• Check social media and blogs for areas of discussion and the questions people are posing

Social media

LinkedIn, Instragram and Twitter social media icons on a smartphone

Look to the leading accounts in your industry, those with ‘expert’ status, the thought leaders and trailblazers. Identify the themes around challenges in the sector, bugbears and what’s in vogue. Not everything you uncover will be a great fit for your solution, but it always helps to know the hot topics.

Find the hashtags that are prevalent to your target market and get following! See what’s being posted and just as vital, see how your target market reacts and engages. The conversations that occur will probably be more valuable to you than the initial posts. 

Competitor and complementary service analysis

Even if you feel you don’t have any direct competitors at the moment, you’re almost certain to have companies that provide a solution to the problem that you solve or operate in the same industry or sector.

They can provide you with some clues as to what’s been working for them and also what’s already out there so you can differentiate yourself. Some good places to look are:

FAQ pages

Find out what common questions they receive. If you have a similar target audience the chances are you’ll get these questions too. Think about how you can serve this audience and provide content that helps them in their journey towards a purchase.

Content

Look at what content your competitors or complementary businesses offer. This isn’t about stealing their ideas or copying what they’ve done. Use the information out there to inform your own strategy and put your own stamp on helping your audience.

Social media

As I mentioned earlier, social media channels can provide some amazing clues as to what engages your audience. You can see not only the content that your competitors are putting out there, but also get an understanding of the engagement certain content has. Don’t stop at the surface level, dig into the comments and responses to understand the conversations that are happening.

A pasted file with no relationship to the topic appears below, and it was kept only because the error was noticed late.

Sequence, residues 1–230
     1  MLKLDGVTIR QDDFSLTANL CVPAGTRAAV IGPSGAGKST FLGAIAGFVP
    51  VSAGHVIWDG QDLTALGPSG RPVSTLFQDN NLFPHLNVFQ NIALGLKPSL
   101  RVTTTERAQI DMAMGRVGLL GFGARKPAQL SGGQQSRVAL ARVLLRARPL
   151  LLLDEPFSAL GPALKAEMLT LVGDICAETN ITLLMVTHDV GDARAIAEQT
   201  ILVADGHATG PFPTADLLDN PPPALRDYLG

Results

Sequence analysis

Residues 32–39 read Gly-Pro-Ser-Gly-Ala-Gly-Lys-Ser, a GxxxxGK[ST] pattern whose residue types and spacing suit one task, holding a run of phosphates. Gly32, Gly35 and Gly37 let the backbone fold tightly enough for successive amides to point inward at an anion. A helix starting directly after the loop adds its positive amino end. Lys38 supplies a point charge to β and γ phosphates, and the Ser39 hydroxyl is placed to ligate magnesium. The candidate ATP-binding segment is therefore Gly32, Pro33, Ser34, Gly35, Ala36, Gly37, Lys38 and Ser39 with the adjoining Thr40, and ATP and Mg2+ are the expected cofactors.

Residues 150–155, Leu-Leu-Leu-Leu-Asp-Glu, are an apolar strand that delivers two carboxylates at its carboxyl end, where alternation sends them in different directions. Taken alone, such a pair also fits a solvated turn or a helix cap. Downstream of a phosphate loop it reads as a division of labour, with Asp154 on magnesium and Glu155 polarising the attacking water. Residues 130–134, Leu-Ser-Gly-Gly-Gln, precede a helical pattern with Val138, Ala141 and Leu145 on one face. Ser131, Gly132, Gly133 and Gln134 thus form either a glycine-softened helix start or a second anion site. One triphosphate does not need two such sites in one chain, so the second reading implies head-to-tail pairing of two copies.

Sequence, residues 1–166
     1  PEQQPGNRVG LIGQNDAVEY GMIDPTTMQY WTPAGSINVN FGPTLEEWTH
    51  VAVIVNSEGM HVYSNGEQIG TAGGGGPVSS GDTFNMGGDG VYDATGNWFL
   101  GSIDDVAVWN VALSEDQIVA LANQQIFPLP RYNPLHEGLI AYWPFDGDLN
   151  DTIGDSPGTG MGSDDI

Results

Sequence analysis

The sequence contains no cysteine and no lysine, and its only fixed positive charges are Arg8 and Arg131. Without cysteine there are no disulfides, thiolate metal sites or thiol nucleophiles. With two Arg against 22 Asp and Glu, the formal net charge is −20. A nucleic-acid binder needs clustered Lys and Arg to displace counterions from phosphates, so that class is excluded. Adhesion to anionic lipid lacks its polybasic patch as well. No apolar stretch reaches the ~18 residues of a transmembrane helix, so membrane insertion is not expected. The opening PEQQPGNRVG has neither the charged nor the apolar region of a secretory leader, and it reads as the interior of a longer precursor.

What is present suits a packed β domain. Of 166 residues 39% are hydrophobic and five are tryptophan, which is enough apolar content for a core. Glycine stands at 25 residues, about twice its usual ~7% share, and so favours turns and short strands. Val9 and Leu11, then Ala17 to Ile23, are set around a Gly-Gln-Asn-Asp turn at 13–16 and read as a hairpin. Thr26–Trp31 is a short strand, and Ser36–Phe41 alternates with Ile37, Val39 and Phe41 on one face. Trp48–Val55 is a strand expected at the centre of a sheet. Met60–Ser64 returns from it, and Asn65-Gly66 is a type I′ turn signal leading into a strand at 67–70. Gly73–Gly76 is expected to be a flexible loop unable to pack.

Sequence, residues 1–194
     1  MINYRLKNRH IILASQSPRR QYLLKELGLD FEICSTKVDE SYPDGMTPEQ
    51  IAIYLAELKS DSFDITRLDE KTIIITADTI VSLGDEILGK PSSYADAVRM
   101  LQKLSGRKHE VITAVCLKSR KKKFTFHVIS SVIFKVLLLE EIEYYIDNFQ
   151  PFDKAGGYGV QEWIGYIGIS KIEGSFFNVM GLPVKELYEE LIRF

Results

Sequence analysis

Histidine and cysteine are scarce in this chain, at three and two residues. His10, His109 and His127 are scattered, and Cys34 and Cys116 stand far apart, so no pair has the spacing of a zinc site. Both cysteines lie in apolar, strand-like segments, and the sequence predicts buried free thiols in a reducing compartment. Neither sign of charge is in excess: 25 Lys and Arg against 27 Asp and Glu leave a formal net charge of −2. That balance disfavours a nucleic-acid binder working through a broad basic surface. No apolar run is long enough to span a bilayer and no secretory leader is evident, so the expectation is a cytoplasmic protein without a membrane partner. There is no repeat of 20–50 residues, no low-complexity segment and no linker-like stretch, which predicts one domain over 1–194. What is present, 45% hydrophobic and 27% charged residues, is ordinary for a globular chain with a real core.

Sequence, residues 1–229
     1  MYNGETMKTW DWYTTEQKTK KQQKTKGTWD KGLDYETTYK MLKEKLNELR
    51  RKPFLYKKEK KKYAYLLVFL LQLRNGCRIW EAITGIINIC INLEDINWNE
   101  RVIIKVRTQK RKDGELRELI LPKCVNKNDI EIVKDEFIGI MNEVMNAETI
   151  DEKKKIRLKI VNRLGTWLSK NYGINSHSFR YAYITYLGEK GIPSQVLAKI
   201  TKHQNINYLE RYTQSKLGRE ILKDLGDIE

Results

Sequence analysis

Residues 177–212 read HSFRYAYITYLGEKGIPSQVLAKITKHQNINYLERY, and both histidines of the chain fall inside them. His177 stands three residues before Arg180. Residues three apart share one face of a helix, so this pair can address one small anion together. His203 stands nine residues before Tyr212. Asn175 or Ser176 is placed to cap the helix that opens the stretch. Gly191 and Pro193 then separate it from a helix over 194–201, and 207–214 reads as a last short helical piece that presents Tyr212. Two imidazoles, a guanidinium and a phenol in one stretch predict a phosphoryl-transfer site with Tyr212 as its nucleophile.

Reviews

This could be reviews of businesses or individual products and services. Discover what your target market likes and also what frustrates them. How do they assess whether the product was a good fit, what words and language do they use, how can you echo this back to them?

Remember to look on competitor websites, google and social media, but also industry type directories or review aggregators like G2 for business software and services.

Job descriptions

If you’re playing in the B2B space, job descriptions for your target market can reveal some fascinating details.  For example, understanding the skills and experience companies are looking for provides an idea of the direction they are trying to go in and how they are looking to grow. 

You can also learn what technology or ways of working businesses are using through how they advertise. If there isn’t a vacant position, check out LinkedIn for how individuals in similar positions describe their role. How do they explain what they do? What language do they use to describe their role? What are their key achievements and challenges?

Test & learn

The research stage is vital and hopefully, I’ve inspired you to get started, even if you’re low on customers right now.

But, don’t get sucked into a never-ending rabbit warren! Don’t use the research stage as an endless excuse to get started.

Once you’ve developed a solid persona, do some testing of your own. Produce content you think will appeal and see how it lands. Continue to talk to your customers and prospects to fine-tune your messaging, because a buyer persona is always evolving.

If 2020 taught us anything, it’s that things change.


Not got the time to do the research? Let me do the heavy lifting for you. 

Yes please, help me out!